By Sharla Hooper
“[The] humanistic element of doctor/patient relationship has failed to keep up with technological advances in all aspects of medicine.” James H. Reifschneider, MD
Earlier this month, our organizations surveyed members on the topic of technology in medicine. Technology has permeated our modern lives completely, and is seen as both an innovative asset and an encroachment in medicine. The survey allowed us to look at opinions on a broad range of technology aspects in medicine. Several respondents specifically cited the burdensome cost of electronic medical records (EMR), and we also saw concerns about how EMR specifically has impacted the doctor-patient relationship.
The alphabet soup of federal requirements and measures have generated concern about the impact on patient care as well as individual physician burnout. According to Dr. Mark Friedman, “EHR and CMS have horribly abused and misused the potential role of technology in the delivery and documentation of health care. We now spend most of our time complying with statistical nonsense, whether on paper or on screen.”
Another physician pointed out the inefficiencies in time spent on EMR charting: “I feel that “inputting” data into the EMR has increased time spent with data entry. Surely there’s a better way.” A recent analysis of physician time found that for every one hour of patient care, physicians spend almost two hours with EMR documentation and other desk work. The respondents’ comments reflect the frustration with this status quo. “I think it is ridiculous that for every hour spent with a patient, two hours are spent in the EHR. Physicans need to be liberated from the mountain of documentation demands/clicks so we can care for patients,” stated Dr. Kevin Moynahan.
Of our respondents, 43.1% feel that using an EMR has eroded their relationships with patients; 13.7% feel it has enhanced their relationships. Asked to identify whether EMR has an impact on the care physicians deliver, 33.3% feel it has impaired care, while 31.3% feel it has improved care. Dr. John Boyer shared that “electronic record keeping…during interviews with patients has cooled what once was the best part of the Doctor-patient relationship.”
And patients share their frustrations as well, as Dr. Dennis Cooper describes: “Patients complain the physician is so busy keeping computer happy that they don’t make eye contact. They also state physicians are so over extended that they hardly ever see the physicians and are relegated to mid-level staff instead.”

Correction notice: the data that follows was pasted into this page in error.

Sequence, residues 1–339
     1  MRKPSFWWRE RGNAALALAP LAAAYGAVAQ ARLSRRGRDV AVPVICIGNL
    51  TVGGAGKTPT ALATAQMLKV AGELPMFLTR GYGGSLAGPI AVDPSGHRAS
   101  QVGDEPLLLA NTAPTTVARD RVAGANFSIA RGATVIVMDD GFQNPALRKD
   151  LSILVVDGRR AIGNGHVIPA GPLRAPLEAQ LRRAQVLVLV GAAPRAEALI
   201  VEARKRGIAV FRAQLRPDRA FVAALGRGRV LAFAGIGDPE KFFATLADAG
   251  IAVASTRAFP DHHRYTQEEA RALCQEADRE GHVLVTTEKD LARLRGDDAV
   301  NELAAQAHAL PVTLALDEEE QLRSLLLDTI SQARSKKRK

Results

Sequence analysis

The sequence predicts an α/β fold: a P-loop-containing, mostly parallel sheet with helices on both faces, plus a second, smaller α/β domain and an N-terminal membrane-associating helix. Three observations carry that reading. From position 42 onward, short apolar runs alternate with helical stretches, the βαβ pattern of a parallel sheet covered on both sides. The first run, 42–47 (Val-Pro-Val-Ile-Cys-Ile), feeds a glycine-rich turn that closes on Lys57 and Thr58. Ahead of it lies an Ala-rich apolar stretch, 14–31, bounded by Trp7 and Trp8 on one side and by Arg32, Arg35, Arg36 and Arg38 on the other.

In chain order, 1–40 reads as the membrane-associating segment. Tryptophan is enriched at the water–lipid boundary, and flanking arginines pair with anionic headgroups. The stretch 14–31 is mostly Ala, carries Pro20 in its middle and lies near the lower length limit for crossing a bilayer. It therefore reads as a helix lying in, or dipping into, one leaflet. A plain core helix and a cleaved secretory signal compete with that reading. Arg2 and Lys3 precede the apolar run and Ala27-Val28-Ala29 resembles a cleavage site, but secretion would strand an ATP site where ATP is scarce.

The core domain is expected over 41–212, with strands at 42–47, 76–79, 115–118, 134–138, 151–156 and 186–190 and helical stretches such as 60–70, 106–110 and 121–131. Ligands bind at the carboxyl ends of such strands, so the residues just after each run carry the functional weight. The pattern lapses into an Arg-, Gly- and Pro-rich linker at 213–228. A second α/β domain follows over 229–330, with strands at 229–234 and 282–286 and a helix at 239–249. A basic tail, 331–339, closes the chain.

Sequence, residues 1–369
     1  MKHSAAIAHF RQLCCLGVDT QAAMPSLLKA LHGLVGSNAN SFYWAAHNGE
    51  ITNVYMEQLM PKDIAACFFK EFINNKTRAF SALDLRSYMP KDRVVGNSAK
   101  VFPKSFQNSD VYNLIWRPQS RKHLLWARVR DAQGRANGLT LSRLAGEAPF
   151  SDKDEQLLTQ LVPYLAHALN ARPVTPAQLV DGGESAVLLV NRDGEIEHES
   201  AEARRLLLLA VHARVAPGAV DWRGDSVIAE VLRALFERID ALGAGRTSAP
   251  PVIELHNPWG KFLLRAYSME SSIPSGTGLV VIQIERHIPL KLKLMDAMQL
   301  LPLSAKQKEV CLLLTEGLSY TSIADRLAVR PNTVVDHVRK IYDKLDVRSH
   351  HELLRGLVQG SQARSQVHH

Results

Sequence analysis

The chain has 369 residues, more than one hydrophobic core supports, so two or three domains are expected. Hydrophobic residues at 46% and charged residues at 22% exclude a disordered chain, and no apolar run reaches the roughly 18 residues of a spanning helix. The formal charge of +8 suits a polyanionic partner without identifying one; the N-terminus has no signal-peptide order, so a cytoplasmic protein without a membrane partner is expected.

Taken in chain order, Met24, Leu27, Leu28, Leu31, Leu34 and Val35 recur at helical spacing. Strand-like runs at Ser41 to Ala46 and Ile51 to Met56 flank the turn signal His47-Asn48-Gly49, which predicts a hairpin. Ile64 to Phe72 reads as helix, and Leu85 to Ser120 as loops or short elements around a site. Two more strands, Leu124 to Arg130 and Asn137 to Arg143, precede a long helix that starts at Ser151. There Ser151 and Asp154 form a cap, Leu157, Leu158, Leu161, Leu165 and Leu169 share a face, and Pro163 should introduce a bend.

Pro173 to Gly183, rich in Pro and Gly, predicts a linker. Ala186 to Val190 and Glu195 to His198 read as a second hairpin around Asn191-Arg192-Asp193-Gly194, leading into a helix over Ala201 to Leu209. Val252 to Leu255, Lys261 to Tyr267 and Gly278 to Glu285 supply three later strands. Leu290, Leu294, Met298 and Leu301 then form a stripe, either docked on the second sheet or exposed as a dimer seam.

Asking about the impact of technology on patient ‘self-diagnosis’ (i.e. checking WebMD) revealed aspects of how different physicians manage this issue in their practice. While 25.7% of respondents found that patients’ online research “has improved my ability to practice, as my patients are more informed of their condition and treatment options,” another 28.7% of respondents found it more difficult. Self-diagnosis to can lead to unnecessary testing, and direct to consumer advertising was cited as pervasive and problematic.
Dr. William Nevin: Patients have sought advice from incorrect web sites leading to requests for inappropriate investigations. Adverse outcomes have been avoided via counseling and redirection. The direct to [consumer] advertising of drugs has led to inappropriately increased costs with no improvement in outcome. The drug manufacturers are more skilled at advising patients through TV than I am at suggesting that the new stuff is definitely more expensive but probably not more dangerous…
Dr. Julie Wendt: In medical school, before training, physicians actually saw real patients and developed a sense of normal v. abnormal; there was a phenomenon in which many students, after reading accounts of various disease states, thought they had them. That is, until they saw what abnormal really looked like. I see the same situation occurring with patients, they read or are told about an issue and feel they have it. If I didn’t test…it would erode our relationship. When I do, it makes medicine more costly. For these and other reasons, I truly feel direct to consumer advertising should be abolished.
Patient research can lead to helpful discussions in some cases.
Dr. Robert Brown: The use of online forums, especially for specific diseases, has allowed greater understanding of management by the patient but has also caused confusion as to why treatment differs from patient to patient. Addressing the use of these forums and creating better education for the patients will be necessary in this world of increased online resources.
Dr. Rex Ragsdale: I welcome patient’s investigating health information on the web. Ironically, because much of it is incorrect, it gives me an opportunity to address the issues they raise and improve the increased impact of the discussion.
The survey reflects both insights and the limitations of gathering opinions on the multivalent impact of technology in the practice of medicine. As one respondent pointed out, to “pretty much every question in this survey…the real answer is almost always ‘it depends.’”
Physicians overwhelmingly responded that increased technology should NOT be made available directly to patients without physician determination or referral. One physician clarified, “if they order tests and they are abnormal I cannot be responsible for monitoring. I hope that is clear in the law. I do not see this as a technology issue – but a patient being able to get lab work done issue.”
The law referred to specifically is HB2645, and one of the features of the law that organized medicine was able to secure was removing liability burden from the physician, who would have no way to know of a patient’s self-referred lab test.